Our results showed that both monoterpenes and sesquiterpenes were detected in the leaves of essential oil. They included four monoterpenes hydrocarbons, four oxygenated monoterpenes, one hydrocarbon sesquiterpenes and five oxygenated sesquiterpenes. The major constituent being found was 1,8-cineole (38.1%) while β-sinensal, 1,10-seco-1-hydroxycalamenen-10-one and α-phellandrene were found to be 11.8%, 10.2%, 5.8% respectively. α-Pinene and α-thujene were present in 5.0% and 3.4%. While furan, 2-(1-pentenyl)-(E), terpinen-4-ol, bicyclo[5.1.0]octane, 8-(1-methylethylidene) and eugenol were found in traces. Because of the high content of monoterpenes, especially, 1,8-cineole, the oil may be classified as a medicinal type (Oyedeji et al., 1992). Other sesquiterpenes like isospathulenol, kushimone, 12-norpreziza-7(15)-en-2-one, α-cubebene, isospathulenol and germacrene-B were found in traces. Three of the constituents remain unidentified even from their molecular formulas due to the need of more spectroscopic evidences. In our continued search for biologically active constituents, we are interested to evaluate the AChE and BChE inhibiting potential of essential oils from herbal medicinal plants. Currently, AChE and BChE represent the most attractive target for drug design and discovery of mechanism-based inhibitors for the treatment of Alzheimer’s disease (Zhang, 2004). The percentage inhibition against AChE and BChE of B. asiatica essential oil was first determined at 0.1 mM and further subsequently assayed for IC50 determination. Due to phytochemical deviations between essential oil components, many essential oils differ in their anticholinesterase activities. Since essential oils were shown to be complex mixtures of a number of components with a high percentage of monoterpenes, especially the oxygenated monoterpenes, hence it is not conclusive to determine which single component is responsible for most of the biological activities. Several other studies have been carried out on the anticholinesterase activity of essential oils but the lack of sufficient knowledge has prompted us to work on this basis. In a recent study, essential oil of F. vulgare was tested for their AChE inhibitory activities (Mata et al., 2007) which revealed to be reasonably potent.

As compared to the AChE and BChE inhibitory effects of the single compounds of the essential oils, it may be deduced that the activity may not be due to a single compound. Similarly the essential oils of Melissa officinalis and Mentha suaveolens were reported to have strong AChE inhibitory activity. The anticholinesterase activity of several Mentha essential oils of Japanese origin were carried out (Miyazawa et al., 1998) in which, sesquiterpenes alcohols were the main components of these. Mentha oil showed the most potent inhibition. But none of them showed a stronger inhibitory activity than the essential oils. Although this was a report on a species different from ours, the difference in the activity may doubtlessly depend on chemical compositions.


The promising antimicrobial and anti-cholinesterase activities of the essential oil from B. asiatica are due to the presence of several minor multifunctional components, oxygenated mono and sesquiterpenes, specially 1,8-cineole and α-pinene

Click to see


The author is thankful to the financial support provided by higher education commission, Islamabad, Pakistan (HEC) through HEC 5000 PhD Fellowship program.


Abdullah P. Flora of Pakistan. Nasir E, Ali SI (eds). Stewart Herbarium Garden College (Rawalpindi) and Department of Botany, University of Karachi. 1974, pp 1–2.

Ali F, Ali I, Malik A, Stern B, Maitland DJ. Qualitative and quantitative assessment of various fatty acids from Buddleja asiatica. J Chem Soc Pak.2013; 33: 840-45,

Ali F, Ali I, Khan H, Khan A, Gilani AH. Studies on Buddleja asiatica antibacterial, antifungal, antispasmodic and Ca++ antagonist activities. A J Biotechnol. 2011; 10: 7679-83.

Ali F, Iqbal M, Naz R, Malik A, Ali I. Antimicrobial constituents from Buddleja asiatica. J Chem Soc Pak. 2011; 33: 90-96.

Ali F, Khan HU, Afzal M, Samad A, Khan SU, Ali I. Two new cholinesterase inhibitors, asiatoates A and B from Buddleja asiatica.J Asian Nat Prod Res. 2013; 15: 631-37.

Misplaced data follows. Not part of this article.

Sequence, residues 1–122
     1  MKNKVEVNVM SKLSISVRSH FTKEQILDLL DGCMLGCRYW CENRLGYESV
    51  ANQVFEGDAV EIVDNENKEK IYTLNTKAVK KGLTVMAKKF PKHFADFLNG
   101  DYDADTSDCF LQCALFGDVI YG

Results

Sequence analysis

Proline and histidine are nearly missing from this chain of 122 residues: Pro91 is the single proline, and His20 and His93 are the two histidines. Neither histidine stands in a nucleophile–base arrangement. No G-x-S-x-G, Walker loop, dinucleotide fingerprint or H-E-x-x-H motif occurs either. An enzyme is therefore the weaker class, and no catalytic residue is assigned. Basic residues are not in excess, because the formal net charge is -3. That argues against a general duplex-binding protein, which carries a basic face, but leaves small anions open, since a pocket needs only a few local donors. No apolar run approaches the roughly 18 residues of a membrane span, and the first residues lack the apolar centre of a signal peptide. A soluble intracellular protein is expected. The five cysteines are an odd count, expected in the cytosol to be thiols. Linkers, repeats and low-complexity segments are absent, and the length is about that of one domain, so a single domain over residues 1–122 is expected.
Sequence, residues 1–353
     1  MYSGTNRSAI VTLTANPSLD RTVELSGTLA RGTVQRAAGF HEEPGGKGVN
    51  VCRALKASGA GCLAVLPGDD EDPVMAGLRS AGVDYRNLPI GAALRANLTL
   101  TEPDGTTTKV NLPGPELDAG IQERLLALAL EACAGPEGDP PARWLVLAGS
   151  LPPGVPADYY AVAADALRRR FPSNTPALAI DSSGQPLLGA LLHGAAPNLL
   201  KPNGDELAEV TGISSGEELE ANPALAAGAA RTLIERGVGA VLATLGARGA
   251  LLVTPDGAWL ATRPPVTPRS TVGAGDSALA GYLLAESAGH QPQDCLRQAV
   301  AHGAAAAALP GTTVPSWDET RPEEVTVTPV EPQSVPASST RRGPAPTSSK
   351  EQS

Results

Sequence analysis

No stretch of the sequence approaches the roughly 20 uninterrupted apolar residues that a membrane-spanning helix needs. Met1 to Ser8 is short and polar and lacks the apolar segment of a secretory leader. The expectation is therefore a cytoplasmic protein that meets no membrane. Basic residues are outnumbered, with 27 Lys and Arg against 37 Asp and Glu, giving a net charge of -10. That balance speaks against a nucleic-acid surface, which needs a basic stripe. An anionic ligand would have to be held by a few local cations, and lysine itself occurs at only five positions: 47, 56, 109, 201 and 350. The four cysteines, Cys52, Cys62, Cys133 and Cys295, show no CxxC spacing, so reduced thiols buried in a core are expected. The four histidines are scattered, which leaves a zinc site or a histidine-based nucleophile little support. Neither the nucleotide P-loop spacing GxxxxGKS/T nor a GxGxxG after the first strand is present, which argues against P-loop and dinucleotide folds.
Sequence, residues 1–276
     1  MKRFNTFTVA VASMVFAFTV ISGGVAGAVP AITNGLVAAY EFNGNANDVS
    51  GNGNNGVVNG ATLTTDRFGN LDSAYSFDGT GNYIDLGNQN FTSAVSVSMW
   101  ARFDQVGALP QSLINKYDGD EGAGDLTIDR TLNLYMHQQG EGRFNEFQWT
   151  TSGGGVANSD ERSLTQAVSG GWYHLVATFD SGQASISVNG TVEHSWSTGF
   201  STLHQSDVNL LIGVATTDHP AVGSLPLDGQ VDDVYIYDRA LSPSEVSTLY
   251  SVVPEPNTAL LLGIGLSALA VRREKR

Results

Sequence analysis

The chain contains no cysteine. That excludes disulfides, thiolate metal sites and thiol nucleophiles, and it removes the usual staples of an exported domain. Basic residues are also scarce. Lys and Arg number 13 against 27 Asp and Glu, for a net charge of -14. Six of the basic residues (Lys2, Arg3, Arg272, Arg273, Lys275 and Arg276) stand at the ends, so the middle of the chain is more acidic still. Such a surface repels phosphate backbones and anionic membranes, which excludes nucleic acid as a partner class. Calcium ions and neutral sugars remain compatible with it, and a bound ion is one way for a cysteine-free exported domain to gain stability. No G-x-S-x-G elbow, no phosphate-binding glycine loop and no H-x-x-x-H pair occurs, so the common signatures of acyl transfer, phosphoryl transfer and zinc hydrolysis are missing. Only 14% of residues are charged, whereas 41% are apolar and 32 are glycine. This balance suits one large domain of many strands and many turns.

Duraipandiyan V, Ignacimuthu S. Antibacterial and antifungal activity of flindersine isolated from the traditional medicinal plant, Toddalia asiatica (L.) Lam. J Ethanopharmacol. 2009; 123: 494-98.

El-Domiatya M, Winkb MM, Abou-Hashem AR. Antihepatotoxic activity and chemical constituents of Buddleja asiatica Lour. Z Nat Forsch C. 2009; 64: 11-19.

Ellman GL, Courtney KD, Andres VR, Featherstone RM. A new and rapid colorimetric determination of acetylcholinesterase activity. Biochem Pharmacol. 1961;7: 88-95.

Fathy MM, Al-Sofany RH, Kassem HA, Kandil ZA. Phytochemical and biological studies of certain Buddleja species growing in Egypt. Bull Fac Pharm. 2006; 44: 207-37.

Garg SC, Dengre SL. Composition of the essential oil from the leaves of Buddleia asiatica Lour. Flav Frag J. 1992; 7: 125-27.

Hartwell J. Plants used against cancer: A survey. Lloydia 1971; 34: 310-61.

Hegnauer R. Chemotonomie der Pfhmzen, Birkhauser. Basic 1962; 3: 308-09.

Hu K, Dong A, Sun Q, Yao X. Bioactivity of 247 traditional Chinese medicines against Pyricularia oryzae. Pharm Biol. 2001; 39: 47-53.

Dictionary of Chinese Traditional Medicine. Shanghai, Shanghai Science and Technology Press, 1977, p 725.

Kavanagh F. Analytical microbiology. New York, Academic Press, 1963, p 125.

Koroch A, Juliani H, Zygadlo J. Bioactivity of essential oils and their components. Flav Fragr Chem. 2007; 87-15.

Liao Y, Houghton P, Hoults J. Novel and known constituents from Buddleja species and their activity against leukocyte eicosanoid generation. J Nat Prod. 1999; 62: 1241-45.

Mata A,Proenc AC, Ferreira AR, Serralheiro ML, Noguheira JM, Araujoet ME. Antioxidant and antiacetylcholinesterase activities of five plants used as Portuguese food spices. Food Chem.2007; 103: 778-86.

Miyazawa M, Watanabe H, Umemoto K, Kameoka H. Inhibtion of acetylcholinesterase activity by essential oils of Mentha species. J Agric Food Chem. 1998; 46: 3431-34.

Oyedeji A, Olawore O, Ekundayo O, Koenig W. Volatile leaf oil constituents of three Eucalyptus species from Flavus ia. Flavor Fragr J. 1992; 14: 241-44.

Pande P, Tiwari L, Pande H. Ethnoveterinary plants of Uttaranchal: A review. Indian J Trad Knowl. 2007; 6: 444-58.

Rahman S, Imran M, Muhammad N, Hassan N, Chisthi A, Khan A, Sadozai K, Khan S. Antibacterial screening of leaves and stem of Carica papaya. J Med Plants Res. 2011; 5: 5167-71.

Reis A, Von S. Drugs and foods from little-known plants. Cambridge, Harvard University Press, 1973, pp 221-23.

Rocha JB, Emanuelli T, Pereira ME. Effects of early undernutrition kinetic parameters of brain acetylcholinesterase from adult rats. Acta Neurobiol Exp. 1993; 53: 431-37.

Shojaaddini M, Moharramipour S, Sahaf B. Fumigant toxicity of essential oil from Carum copticum against Indian meal moth, Plodia interpunctella. J Plant Prot Res. 2008; 48: 411-19.

Zhang X. Cholinergic activity and amyloid precursor protein processing in aging and Alzheimer’s diseases. Curr Drug Targets CNS Neurol Disord. 2004; 3: 137-52.